trace({OptionName, OptionValue}) -> ok | {error, Reason} | {'EXIT', ServerPid, Reason}

              Types:

                 OptionName = atom()
                 OptionValue = term()
                 Reason = term()

              Same as trace([{OptionName, OptionValue}]).

       trace([Option]) -> ok | {error, Reason} | {'EXIT', ServerPid, Reason}

              Types:

                 Option  =  start  |  stop  |  {procs,  PidSpec} | {procs, [PidSpec]} | verbose |
                 {verbose, bool()} | file | {file, Filename} | {tracer, Tracer}
                 PidSpec = pid() | atom()
                 Tracer = pid() | port()
                 Reason = term()

              Starts or stops tracing.

              PidSpec and Tracer are used  in  calls  to  erlang:trace(PidSpec,  true,  [{tracer,
              Tracer}  |  Flags]),  and  Filename is used to call dbg:trace_port(file, Filename).
              Please see the appropriate documentation.

              Option description:

                stop:
                  Stops a running fprof trace and clears all tracing from the node. Either option
                  stop or start must be specified, but not both.

                start:
                  Clears  all  tracing  from the node and starts a new fprof trace. Either option
                  start or stop must be specified, but not both.

                verbose| {verbose, bool()}:
                  The options verbose or {verbose, true} adds some trace flags  that  fprof  does
                  not  need,  but  that  may  be interesting for general debugging purposes. This
                  option is only allowed with the start option.

                cpu_time| {cpu_time, bool()}:
                  The options cpu_time or {cpu_time, true> makes the timestamps in the  trace  be
                  in CPU time instead of wallclock time which is the default. This option is only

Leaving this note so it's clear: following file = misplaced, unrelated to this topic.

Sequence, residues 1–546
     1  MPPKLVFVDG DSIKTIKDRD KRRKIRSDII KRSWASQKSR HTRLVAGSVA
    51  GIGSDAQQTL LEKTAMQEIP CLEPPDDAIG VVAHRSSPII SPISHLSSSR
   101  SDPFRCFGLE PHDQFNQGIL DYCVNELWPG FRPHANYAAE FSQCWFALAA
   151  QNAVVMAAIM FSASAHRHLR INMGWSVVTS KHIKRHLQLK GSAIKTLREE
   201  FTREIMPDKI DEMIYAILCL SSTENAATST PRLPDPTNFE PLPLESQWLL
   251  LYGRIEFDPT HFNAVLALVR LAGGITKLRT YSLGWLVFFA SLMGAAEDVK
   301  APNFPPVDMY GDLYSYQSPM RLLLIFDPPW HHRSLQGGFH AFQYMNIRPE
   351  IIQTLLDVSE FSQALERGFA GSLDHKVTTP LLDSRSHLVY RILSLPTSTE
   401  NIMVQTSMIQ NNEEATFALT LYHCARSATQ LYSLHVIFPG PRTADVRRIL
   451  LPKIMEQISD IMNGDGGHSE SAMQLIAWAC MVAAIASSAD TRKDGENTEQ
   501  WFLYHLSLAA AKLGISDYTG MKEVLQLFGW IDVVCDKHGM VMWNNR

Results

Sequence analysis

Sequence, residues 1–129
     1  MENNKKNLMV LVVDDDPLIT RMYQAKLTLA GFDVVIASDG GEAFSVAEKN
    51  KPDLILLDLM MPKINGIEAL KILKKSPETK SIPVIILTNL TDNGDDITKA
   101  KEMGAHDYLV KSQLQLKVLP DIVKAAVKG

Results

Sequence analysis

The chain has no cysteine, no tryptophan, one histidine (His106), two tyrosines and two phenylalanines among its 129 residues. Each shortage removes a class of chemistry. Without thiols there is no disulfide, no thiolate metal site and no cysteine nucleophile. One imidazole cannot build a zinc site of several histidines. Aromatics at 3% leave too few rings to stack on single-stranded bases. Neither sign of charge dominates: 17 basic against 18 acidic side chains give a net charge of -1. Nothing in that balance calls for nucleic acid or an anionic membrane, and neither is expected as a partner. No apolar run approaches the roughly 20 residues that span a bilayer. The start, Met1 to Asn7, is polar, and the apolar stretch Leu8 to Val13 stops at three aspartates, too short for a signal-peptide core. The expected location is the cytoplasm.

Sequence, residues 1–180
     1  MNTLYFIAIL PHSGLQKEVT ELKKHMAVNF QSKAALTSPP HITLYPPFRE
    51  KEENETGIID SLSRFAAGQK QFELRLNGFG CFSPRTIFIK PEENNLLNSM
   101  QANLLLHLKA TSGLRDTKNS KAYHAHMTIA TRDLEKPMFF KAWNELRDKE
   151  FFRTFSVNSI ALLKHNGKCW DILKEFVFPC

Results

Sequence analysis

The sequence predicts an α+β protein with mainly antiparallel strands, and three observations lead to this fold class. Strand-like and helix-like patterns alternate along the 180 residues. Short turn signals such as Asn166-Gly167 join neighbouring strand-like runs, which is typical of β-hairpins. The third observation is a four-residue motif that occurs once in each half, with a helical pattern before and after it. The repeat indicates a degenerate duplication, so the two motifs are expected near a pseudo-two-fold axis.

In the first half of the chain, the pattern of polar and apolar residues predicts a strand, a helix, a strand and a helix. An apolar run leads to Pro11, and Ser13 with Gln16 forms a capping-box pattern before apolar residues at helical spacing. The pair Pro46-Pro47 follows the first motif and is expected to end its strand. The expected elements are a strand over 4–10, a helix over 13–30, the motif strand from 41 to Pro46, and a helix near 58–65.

allowed with the start option.

                {procs, PidSpec}| {procs, [PidSpec]}:
                  Specifies which processes that shall be traced. If this option  is  not  given,
                  the  calling  process  is traced. All processes spawned by the traced processes
                  are also traced. This option is only allowed with the start option.

                file| {file, Filename}:
                  Specifies the filename of the trace. If the option file is given,  or  none  of
                  these  options  are  given, the file "fprof.trace" is used. This option is only
                  allowed with the start option, but not with the {tracer, Tracer} option.

                {tracer, Tracer}:
                  Specifies that trace to process or port shall be done instead of trace to file.
                  This  option  is  only  allowed  with the start option, but not with the {file,
                  Filename} option.

       profile() -> ok | {error, Reason} | {'EXIT', ServerPid, Reason}

              Types:

                 Reason = term()

              Same as profile([]).

       profile(OptionName, OptionValue) -> ok | {error, Reason} | {'EXIT', ServerPid, Reason}

              Types:

                 OptionName = atom()
                 OptionValue = term()
                 Reason = term()

              Same as profile([{OptionName, OptionValue}]).

       profile(OptionName) -> ok | {error, Reason} | {'EXIT', ServerPid, Reason}

              Types:

                 OptionName = atom()
                 Reason = term()

              Same as profile([OptionName]).

       profile({OptionName, OptionValue}) -> ok | {error, Reason} | {'EXIT', ServerPid, Reason}

              Types:

                 OptionName = atom()